Being a highly technical product, many of us don’t know the first thing about industrial braking systems besides the fact that brakes stop moving objects like cars. They are a safety mechanism that could potentially be the difference between life and death – whether it be the life of a human or the operating lifespan of a machine.

Bolstering Machinery Resilience with Storm-Proof Brakes

Aside from cars, braking systems are employed in many manufacturing, mining, marine, and engineering businesses powered by heavy machinery. Continue reading as we explore industrial braking systems in further detail.

 

Back to Basics

Brakes have the sole purpose of absorbing kinetic energy when two surfaces press together to bring an object to a halt.

Functioning at high speeds with large amounts of energy coursing through them, brakes are exposed to significant wear and tear while fulfilling their purpose. They also generate a lot of heat energy as they impose stopping power.

History Lesson

Until half a century ago, braking systems were predominantly drum brakes. Drums resulted in a heat build-up inside the drum during heavy braking sessions.

As a result of the braking system being a drum, there was only one surface from which energy and heat could dissipate.

With the need for a different approach, the automotive industry decided to adopt a disc braking system in the 1970s. Disc brakes meant that the rotor was exposed to outside air when in and out of use, allowing for a more efficient cooling system.

A faster cooling system meant that the brakes were less exposed to fading and overheating challenges. Heat and energy are also dispersed over two rotors as opposed to one drum making them more effective.

In a manufacturing setting, the use of this new braking system has drastically reduced downtime with machine failures.

There has also been a marked improvement in maintenance requirements and efficiency. They have allowed operations to continue smoothly in inhospitable environments.

Now that we are all caught up on the history and the basics of braking systems let’s look at the various types of brakes you are likely to encounter.

 

Different Types of Braking Systems

 

  • Hydraulic Brakes

Most commonly used in industrial applications like mining equipment, cranes, and winches, hydraulic brakes use braking fluids to transfer pressure from the control to the brake mechanism.

 

  • Fail-safe Brakes

Power losses are a common occurrence in South Africa, making this system invaluable to manufacturing plants. Fail-safe brakes are designed to kick into effect when a power interruption happens.

 

The best example here is an elevator. A great example is the movie Speed, where the elevator cables are severed, but the Fail-safe brakes keep everyone alive by preventing a catastrophic fall.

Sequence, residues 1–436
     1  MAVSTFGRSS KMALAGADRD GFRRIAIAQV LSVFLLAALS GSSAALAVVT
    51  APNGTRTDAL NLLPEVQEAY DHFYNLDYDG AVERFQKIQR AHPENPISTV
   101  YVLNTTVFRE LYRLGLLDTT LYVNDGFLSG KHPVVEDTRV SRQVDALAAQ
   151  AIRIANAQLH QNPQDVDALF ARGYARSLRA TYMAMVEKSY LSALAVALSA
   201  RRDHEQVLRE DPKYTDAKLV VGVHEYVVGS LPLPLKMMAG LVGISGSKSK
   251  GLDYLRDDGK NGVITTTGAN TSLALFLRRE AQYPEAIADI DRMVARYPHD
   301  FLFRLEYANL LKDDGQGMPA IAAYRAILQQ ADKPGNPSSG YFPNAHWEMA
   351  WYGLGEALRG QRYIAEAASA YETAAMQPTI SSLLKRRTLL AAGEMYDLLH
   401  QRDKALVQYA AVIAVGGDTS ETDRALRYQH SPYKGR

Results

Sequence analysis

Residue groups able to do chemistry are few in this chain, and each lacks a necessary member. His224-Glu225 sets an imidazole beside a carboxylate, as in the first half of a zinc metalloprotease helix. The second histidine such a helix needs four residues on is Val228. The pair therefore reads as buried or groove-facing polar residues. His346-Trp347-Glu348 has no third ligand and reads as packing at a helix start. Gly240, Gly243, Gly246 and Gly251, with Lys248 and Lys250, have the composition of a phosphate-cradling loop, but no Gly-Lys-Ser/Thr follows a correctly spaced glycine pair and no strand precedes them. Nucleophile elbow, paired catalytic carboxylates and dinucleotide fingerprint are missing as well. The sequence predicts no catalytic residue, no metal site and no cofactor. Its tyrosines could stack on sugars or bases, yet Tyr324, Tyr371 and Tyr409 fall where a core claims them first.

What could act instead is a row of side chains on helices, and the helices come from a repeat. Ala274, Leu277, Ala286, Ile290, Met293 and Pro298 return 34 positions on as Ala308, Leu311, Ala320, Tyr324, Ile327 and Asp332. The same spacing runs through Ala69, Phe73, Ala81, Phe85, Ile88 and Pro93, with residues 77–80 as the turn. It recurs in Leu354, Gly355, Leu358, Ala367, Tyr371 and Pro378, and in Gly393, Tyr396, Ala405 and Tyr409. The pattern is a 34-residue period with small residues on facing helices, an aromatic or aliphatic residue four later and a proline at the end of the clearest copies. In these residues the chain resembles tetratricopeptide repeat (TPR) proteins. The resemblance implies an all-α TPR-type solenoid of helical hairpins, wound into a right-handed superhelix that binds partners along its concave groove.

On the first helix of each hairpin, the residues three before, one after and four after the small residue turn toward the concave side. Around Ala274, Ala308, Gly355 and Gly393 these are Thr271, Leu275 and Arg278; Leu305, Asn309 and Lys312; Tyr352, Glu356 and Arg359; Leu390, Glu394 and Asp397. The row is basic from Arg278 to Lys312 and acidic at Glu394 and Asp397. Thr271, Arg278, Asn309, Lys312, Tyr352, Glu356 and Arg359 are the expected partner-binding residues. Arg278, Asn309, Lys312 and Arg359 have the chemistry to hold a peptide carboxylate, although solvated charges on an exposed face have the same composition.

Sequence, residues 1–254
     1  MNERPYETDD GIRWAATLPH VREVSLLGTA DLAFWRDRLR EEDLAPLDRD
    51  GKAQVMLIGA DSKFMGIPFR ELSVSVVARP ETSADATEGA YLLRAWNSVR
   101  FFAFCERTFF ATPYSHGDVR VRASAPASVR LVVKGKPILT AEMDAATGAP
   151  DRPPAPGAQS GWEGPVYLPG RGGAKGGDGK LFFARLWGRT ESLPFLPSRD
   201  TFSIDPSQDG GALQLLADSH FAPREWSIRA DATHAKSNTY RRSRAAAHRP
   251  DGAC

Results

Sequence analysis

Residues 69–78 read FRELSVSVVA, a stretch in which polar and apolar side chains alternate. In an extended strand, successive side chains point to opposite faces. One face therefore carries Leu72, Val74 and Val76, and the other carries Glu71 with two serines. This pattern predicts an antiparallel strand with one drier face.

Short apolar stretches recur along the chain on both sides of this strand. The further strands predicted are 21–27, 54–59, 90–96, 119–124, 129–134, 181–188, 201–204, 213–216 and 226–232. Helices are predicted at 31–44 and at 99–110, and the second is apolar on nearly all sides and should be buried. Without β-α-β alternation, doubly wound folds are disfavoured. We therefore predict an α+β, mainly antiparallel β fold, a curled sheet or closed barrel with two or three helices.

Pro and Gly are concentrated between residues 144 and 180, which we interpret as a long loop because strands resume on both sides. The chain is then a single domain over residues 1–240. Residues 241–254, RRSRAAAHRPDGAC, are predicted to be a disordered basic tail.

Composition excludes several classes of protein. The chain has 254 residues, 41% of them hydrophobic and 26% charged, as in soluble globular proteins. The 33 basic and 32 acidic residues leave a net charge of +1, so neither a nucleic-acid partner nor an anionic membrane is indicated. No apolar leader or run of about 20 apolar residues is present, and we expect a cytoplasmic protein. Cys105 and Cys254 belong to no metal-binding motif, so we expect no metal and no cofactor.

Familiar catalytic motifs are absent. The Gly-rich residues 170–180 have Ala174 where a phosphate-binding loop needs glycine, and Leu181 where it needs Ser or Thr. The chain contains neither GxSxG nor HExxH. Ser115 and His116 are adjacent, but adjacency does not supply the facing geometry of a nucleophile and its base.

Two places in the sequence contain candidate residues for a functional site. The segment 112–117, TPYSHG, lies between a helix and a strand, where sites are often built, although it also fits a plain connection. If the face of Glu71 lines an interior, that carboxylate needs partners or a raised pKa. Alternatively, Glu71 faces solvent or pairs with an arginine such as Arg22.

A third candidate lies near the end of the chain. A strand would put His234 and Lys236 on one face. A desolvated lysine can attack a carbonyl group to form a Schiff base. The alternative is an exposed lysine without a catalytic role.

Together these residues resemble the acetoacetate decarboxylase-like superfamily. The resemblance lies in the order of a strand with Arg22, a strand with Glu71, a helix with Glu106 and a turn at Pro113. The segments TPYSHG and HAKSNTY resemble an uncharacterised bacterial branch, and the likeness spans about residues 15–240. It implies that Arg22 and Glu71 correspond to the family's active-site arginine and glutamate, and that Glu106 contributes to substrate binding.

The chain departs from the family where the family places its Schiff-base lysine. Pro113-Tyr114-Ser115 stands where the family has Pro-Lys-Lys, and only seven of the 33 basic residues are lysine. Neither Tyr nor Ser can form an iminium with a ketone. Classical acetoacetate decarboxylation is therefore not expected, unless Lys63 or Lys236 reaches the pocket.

• Pneumatic Brakes

Also known as an air brake, pneumatic brakes make use of compressed air stored in a reservoir. A valve will allow compressed air to flow through and engage the brake when the lever or pedal is actuated.

 

Think about those times you are stopped at a robot, and the truck next to you gives out a loud whoosh of air. That is the brake system decompressing.

 

  • Electromagnetic Brakes

Using electromagnetic force to create friction that will employ the stopping action, these brakes are a little more advanced than most.

 

Trains, trams, and aerospace programs often make use of this technology.

 

  • Spring-Applied Brakes

Also known as power-off brakes, they work similarly to the fail-safe brakes. Spring-applied brakes will stop or hold a load if power gets cut off.

 

Hoists are an example of a product that employs this braking system.

 

  • Storm Brakes

In the event of seismic activity or massive windstorms, storm brakes ensure that cranes are not set in motion accidentally, endangering lives or causing damage.

 

Brakes are an essential part of machinery today. We often overlook their importance and the value they add to production plants worldwide.

 

They are like the unsung heroes when it comes to keeping a plant going. The breakdown of a machine can often cause lengthy production delays, costing time and money.

 

The Makeup of Brakes

Different types of brakes get made for various machines and purposes. Hence the fact that brakes are manufactured from different materials. Depending on their use, the makeup of a braking system will differ.

 

Some brakes are made out of materials that sustain moisture better and live longer, while others don’t last as long but give a smooth, gentle performance on the rotor. Some synthetic brakes are made from high-boiling point materials and do not fade as quickly.

 

The industrial market falls to ceramic brakes or semi-metallic brakes. Metallic brakes are more aggressive, cost-effective, and used for heavy-duty applications. Ceramic brakes deal better with heat and will not wear down as quickly. Ceramic brakes are also easier on the rotor.

 

Where to go for Your Industrial Brakes

When you are looking for an industrial brake supplier, Heubner Speed Monitoring has a range of brakes and solutions that ensure you have minimal downtime in machine operation.

They supply their clients with the best quality braking supplies and services, making them the ideal partner for any machine-driven enterprise.

Heubner Speed Monitoring stock braking systems such as:

  • Wheel and Gantry Brakes
  • Drum and Band Brakes
  • Disc Brakes
  • Motor Mounted Brakes

Their goal is not to become your local brake stockist but instead to couple with you as your partner in business, providing solutions and products that you can rely on.